1 Confined to the house as I am with pleurisy (what a bummer!) I am loving listening to BBC Radio 4’s Afternoon play which each afternoon this week is a marvellous interpretation of Hamlet, one of my favourite of Shakespeare’s plays. Today’s episode reached the oh so moving speech when Queen Gertrude tells Laertes that his sister, Ophelia has drown’d.
“There is a willow grows aslant a brookThat shows his hoar leaves in the glassy stream.There with fantastic garlands did she comeOf crowflowers, nettles, daisies, and long purples,That liberal shepherds give a grosser name,But our cold maids do “dead men’s fingers” call them.There, on the pendant boughs her coronet weedsClambering to hang, an envious sliver broke,When down her weedy trophies and herselfFell in the weeping brook. Her clothes spread wide,And mermaid-like a while they bore her up,Which time she chanted snatches of old laudsAs one incapable of her own distress,Or like a creature native and induedUnto that element. But long it could not beTill that her garments, heavy with their drink,Pulled the poor wretch from her melodious layTo muddy death.
2 A blogging friend, Lou, introduced me to The Presents of Presence when she re-blogged a post. The following words really spoke to me so I, in turn, give them to you here:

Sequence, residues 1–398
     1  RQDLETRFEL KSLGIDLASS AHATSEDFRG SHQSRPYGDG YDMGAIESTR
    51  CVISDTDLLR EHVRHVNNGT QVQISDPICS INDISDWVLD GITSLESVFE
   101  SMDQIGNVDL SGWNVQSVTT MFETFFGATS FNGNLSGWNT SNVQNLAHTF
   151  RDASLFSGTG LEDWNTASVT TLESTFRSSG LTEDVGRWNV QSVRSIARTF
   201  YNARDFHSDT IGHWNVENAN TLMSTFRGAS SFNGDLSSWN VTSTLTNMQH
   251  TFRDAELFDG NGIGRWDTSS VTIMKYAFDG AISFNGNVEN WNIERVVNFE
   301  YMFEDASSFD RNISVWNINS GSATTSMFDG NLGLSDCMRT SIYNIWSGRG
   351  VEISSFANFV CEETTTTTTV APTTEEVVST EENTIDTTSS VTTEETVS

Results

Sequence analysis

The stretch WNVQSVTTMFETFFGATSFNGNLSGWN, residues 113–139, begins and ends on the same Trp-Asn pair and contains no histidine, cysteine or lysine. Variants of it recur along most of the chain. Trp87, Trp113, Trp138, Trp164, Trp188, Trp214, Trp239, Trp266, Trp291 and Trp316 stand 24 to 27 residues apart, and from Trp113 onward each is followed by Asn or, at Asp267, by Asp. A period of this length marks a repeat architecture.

Make the Ordinary Come Alive
Do not ask your children,
To strive for extraordinary lives.
Such striving may seem admirable,
but it is a way of foolishness.
Help them instead to find the wonder
and the marvel of an ordinary life.
Show them the joy of tasting
tomatoes, apples and pears.
Show them how to cry
when pets and people die.
Show them the infinite pleasure
in the touch of a hand.
And make the ordinary come alive for them.
The extraordinary will take care of itself.
From ‘The Parent’s Tao Te Ching” by William Martin
3 Last night two of my knitting friends brought me some beautiful Pheasant’s Eye Narcissi. Not only do they look amazing, they smell just lovely. Thank you N and T.